The city would be difficult

Hence the citizens were naturally seized with alarm and unrest and thought the whole place could easily be captured from any side. The Comneni on their side thought the taking of the city would be difficult (for their forces were composed of various nationalities besides natives, and wherever there is a mixed crowd, their temper also is wont to be mixed), so Alexi

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In spite of this business they did not by any means neglect the siege, but as often as possible made skirmishing attacks upon the walls. On the following day they called the ambassadors and announced their decision to them. This was that Melissenus should be elevated to the rank of ‘ Caesar,’ should he adjudged the fillet and salutes and all other privileges which belong to this rank, and also that the largest town in Thessaly should be given to him. (In this town there is the magnificent church named after the great martyr Demetrius, where the myrrh which ever trickles from his venerable coffin works marvellous cures for those who approach it in faith.)

This Alexius the new emperor

The ambassadors were displeased with the terms but, since those they proposed were not accepted, and they observed also the rebel’s great preparations against the city and the enormous army under him, and as they were pressed for time, they began to fear that if th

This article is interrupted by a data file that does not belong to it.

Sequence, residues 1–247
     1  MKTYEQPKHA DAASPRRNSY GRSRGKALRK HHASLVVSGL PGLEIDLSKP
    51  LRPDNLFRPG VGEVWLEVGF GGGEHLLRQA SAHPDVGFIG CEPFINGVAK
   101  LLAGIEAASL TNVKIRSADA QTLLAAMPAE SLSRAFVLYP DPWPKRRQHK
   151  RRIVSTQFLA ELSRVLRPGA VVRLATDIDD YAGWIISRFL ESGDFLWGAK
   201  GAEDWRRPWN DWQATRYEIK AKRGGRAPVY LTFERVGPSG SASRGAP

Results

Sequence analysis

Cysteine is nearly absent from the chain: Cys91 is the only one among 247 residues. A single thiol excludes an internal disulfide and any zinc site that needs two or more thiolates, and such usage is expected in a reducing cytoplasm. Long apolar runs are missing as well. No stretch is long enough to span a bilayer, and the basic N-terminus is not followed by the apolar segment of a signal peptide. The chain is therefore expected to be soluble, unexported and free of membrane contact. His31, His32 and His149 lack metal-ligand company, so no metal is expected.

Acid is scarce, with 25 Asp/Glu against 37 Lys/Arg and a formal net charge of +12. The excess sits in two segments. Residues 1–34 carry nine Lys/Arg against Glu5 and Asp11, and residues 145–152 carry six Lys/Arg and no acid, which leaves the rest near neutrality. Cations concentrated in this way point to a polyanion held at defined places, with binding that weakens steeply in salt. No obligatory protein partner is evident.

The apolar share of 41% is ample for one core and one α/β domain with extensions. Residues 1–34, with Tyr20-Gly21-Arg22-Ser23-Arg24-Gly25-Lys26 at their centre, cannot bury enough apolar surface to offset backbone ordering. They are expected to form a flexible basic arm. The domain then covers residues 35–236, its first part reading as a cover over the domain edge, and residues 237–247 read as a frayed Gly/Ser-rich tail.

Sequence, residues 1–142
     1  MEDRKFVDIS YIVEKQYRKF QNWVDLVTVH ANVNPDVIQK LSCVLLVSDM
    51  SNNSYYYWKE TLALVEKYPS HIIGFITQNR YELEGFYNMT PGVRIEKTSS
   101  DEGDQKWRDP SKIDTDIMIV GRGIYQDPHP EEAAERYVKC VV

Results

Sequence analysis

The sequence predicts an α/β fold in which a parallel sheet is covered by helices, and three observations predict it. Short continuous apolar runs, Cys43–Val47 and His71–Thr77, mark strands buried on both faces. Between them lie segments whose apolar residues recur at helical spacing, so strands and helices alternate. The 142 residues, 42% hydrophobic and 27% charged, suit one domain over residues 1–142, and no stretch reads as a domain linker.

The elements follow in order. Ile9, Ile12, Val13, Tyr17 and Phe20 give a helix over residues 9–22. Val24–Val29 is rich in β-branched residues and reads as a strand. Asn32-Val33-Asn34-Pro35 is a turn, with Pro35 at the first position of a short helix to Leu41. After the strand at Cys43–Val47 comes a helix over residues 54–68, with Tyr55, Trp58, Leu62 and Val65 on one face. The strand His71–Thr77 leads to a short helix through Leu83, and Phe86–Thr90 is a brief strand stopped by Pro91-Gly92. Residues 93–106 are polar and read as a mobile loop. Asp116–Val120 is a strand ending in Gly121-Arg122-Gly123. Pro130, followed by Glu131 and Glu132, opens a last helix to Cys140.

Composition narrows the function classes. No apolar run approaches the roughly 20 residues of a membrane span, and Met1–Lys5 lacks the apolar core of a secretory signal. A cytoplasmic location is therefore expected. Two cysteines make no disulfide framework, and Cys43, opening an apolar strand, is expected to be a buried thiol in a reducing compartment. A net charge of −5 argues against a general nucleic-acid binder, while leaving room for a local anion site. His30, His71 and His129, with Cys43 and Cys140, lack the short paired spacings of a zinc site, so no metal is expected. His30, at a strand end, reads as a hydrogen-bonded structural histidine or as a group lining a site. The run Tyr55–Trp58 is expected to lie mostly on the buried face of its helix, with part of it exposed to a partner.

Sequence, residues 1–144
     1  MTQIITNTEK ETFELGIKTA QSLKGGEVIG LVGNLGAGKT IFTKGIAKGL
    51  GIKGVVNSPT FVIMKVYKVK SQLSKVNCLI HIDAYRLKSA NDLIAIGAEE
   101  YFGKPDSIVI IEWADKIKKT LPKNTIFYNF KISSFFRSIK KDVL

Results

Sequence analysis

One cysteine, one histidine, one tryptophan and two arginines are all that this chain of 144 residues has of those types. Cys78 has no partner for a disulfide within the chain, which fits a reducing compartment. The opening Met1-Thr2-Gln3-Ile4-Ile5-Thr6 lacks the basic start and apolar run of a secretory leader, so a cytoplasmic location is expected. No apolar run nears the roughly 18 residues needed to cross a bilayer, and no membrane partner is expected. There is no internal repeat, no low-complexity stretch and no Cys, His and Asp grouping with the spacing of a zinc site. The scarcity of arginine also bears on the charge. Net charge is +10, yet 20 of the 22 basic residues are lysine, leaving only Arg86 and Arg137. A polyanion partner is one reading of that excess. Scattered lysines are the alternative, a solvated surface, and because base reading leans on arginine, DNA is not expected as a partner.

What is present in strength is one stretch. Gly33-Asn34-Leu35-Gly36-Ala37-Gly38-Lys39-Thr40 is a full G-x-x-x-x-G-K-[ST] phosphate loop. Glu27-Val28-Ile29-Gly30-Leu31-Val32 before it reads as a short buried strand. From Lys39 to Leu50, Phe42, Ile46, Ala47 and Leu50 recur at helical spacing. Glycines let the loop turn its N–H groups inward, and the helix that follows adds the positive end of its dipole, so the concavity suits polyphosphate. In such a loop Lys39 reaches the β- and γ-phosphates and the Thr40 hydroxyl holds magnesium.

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After this act the Ducases led the acclamations for they favoured this man for many reasons and especially because their relation, Iresn, my mother had been legally married to my father, And simultaneously all those akin to them by blood did likewise with a will, and the rest of the army took up the shout and sent their voices almost to the heavens. And then was witnessed a curious phenomenon – for those who before had held opposite opinions and preferred death to failure in their desire, became in one moment of the same opinion, and that too, so decidedly, that nobody could have even suspected there had been a variance of opinion between them.

VIII While these events were taking place, a rumour spread that Melissenus had already reached the promontory of Damalis with a fair-sized army, had assumed the purple and was being acclaimed as emperor. For some time the Comneni would not believe this report, but Melissenus on learning of their doings, at once dispatched amba